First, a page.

Not only good for the taste: Lemon and ginger substances stimulate the body's defenses
Lemons and ginger are two particularly healthy foods. After all, both contain large amounts of vitamin C and therefore help to strengthen the immune system. But they contain even more important substances: citric acid and 6-gingerol. These stimulate the molecular defenses in human saliva, as researchers have now found out.
Do something good for your health with lemons and ginger
If you want to do something good for your health, you should drink a glass of lemon water regularly in the morning. Important vitamins and nutrients from the lemon are added to the body. In addition, digestion is stimulated and liquid is added. It is also recommended to start the day with ginger water. The hot tuber is not only rich in vitamin C, but can also protect against diseases and help you lose weight. But lemons and ginger can do even more: As researchers have now found out, flavoring substances from the two foods stimulate the immune system.
Citric acid and sharp-tasting 6-gingerol from ginger
As the Technical University of Munich (TUM) reports in a recent report, citric acid and hot-tasting 6-gingerol from ginger not only give food and drinks a special flavor.
Both substances also stimulate the molecular defenses in human saliva. A team of researchers from TUM and the Leibniz Institute for Food Systems Biology found this out.
The results of the study were recently published in the journal "Journal of Agricultural and Food Chemistry".
Saliva fulfills a wide variety of biological tasks
Human saliva is a complex, watery mixture of different components. In addition to mucous membrane and immune cells, it contains a large number of molecules that perform a wide variety of biological tasks.
Because saliva not only plays an essential role in food intake, but is also crucial for keeping the teeth, gums and oral mucosa healthy. At the same time, it represents the first bastion against pathogens entering from outside.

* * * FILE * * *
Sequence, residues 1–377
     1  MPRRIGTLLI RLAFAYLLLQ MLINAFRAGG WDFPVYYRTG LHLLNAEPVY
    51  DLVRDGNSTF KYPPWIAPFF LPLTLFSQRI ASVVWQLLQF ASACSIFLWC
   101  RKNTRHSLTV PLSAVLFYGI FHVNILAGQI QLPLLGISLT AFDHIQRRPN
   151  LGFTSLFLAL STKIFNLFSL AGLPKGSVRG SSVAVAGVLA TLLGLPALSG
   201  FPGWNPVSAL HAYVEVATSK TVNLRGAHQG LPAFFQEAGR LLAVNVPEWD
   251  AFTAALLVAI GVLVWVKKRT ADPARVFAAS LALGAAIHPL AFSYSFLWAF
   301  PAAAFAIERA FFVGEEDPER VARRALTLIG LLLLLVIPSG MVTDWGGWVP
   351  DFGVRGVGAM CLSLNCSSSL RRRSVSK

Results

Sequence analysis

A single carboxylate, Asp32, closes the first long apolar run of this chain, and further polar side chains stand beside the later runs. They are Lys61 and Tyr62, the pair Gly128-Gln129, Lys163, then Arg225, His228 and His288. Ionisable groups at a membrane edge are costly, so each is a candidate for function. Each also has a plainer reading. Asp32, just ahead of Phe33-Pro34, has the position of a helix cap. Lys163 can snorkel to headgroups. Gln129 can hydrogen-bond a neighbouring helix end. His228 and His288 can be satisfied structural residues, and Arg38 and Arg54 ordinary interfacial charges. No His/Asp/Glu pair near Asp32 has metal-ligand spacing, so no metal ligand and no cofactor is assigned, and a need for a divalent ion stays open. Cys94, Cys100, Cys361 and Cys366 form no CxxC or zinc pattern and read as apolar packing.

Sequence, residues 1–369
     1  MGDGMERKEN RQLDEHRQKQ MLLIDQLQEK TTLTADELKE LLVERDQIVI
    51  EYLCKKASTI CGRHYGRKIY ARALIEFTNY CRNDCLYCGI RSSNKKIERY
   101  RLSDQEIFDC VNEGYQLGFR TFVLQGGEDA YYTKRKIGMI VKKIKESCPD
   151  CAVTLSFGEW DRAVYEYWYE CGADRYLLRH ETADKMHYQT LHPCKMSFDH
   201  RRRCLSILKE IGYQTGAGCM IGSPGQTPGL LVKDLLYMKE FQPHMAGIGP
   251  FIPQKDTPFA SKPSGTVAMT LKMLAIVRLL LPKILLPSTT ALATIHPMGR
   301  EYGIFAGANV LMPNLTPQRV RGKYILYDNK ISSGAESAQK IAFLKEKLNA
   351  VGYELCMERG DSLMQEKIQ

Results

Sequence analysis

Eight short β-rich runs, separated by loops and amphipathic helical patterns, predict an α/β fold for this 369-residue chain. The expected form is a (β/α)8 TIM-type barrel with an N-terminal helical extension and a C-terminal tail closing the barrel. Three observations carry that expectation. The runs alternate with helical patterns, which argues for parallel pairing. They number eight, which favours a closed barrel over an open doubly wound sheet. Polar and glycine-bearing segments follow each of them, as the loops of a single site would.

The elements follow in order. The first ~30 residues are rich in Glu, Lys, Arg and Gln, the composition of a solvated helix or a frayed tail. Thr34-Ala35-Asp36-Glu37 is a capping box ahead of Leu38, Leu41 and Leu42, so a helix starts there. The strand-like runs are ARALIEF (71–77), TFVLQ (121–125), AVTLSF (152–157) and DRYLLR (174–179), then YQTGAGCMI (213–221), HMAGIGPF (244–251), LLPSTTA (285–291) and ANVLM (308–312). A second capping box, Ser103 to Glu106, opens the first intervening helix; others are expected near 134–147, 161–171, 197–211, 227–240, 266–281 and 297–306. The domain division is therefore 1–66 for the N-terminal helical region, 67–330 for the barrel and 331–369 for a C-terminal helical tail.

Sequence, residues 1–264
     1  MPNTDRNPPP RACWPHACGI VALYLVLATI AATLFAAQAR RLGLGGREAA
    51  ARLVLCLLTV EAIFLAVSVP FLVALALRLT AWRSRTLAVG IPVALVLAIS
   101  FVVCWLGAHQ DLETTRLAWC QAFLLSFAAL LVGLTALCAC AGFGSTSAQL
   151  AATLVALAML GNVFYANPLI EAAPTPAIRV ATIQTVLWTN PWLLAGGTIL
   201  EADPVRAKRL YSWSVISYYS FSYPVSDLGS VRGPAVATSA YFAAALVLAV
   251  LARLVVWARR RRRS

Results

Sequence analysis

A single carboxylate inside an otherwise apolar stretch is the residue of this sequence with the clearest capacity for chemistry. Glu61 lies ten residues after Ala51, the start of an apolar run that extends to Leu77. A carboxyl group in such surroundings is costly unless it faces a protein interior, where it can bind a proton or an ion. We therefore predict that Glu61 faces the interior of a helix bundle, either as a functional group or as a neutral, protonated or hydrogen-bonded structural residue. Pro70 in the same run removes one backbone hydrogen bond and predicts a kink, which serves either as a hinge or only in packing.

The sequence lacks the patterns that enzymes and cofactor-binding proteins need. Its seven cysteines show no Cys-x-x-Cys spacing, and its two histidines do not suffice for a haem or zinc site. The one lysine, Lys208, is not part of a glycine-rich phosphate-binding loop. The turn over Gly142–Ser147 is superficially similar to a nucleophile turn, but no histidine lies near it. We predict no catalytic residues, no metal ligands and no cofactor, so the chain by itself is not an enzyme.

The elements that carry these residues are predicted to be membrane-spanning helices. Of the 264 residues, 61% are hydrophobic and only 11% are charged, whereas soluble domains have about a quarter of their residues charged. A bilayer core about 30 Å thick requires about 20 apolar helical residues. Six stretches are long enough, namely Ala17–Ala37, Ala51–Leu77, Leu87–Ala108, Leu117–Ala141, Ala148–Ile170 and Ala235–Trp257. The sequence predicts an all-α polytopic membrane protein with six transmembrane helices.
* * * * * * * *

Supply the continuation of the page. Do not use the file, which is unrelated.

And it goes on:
Therefore, various antimicrobial molecules are contained in the saliva, including the antibacterial lysozyme. They are part of the innate, molecular immune system.
Certain factors affect the composition of saliva
It has now been proven that factors such as age, state of health, but also what someone eats and drinks influence the composition of saliva. However, little is known about the effects of individual food ingredients.
In order to learn more about these, the research team led by study leader Professor Thomas Hofmann, head of the Leibniz Institute for Food Systems Biology at TUM, examined the influence of different flavors on the saliva composition of humans:
Citric acid (acidic), the sweetener aspartame (sweet), iso-alpha acids (bitter), the flavor enhancer sodium glutamate (umami), table salt (salty), 6-gingerol (spicy) and the substances hydroxy-alpha-sanshool contained in the Szechuan pepper (tingling) and Hydroxy-beta-Sanshool (anesthetic).
Flavoring substances already have biological effects in the mouth
As the scientists demonstrated for the first time through the combination of saliva flow measurements, proteome analyzes and bioinformatics evaluations, all investigated substances modulate the protein composition of saliva to a greater or lesser extent.
Biological function analyzes of the saliva proteins affected by the modulation also showed that the changes triggered by citric acid and 6-gingerol activate the molecular defense system in the saliva.
For example, 6-gingerol increased the activity of an enzyme that converts the thiocyanate dissolved in saliva into hypothiocyanate, which roughly triples the amount of hypothiocyanate with antimicrobial and fungicidal activity in saliva.
In contrast, the changes caused by citric acid caused the lysozyme levels in the saliva to increase up to ten times.
As studies on bacterial cultures show for the first time, this increase is sufficient to almost completely prevent the growth of Gram-positive bacteria. Lysozyme works against this type of bacteria by destroying their cell wall.
"Our new findings show that flavoring substances already have biological effects in the mouth that go far beyond their known sensory properties," says Hofmann from the Chair of Food Chemistry and Molecular Sensor Technology at TUM.
The food chemist explains that researching these further using the latest analysis methods is one of the goals that food systems biology has set itself.
This is the only way to find new approaches for the production of food in the long term, the ingredients and functional profiles of which are geared to the health and sensory needs of consumers. (ad)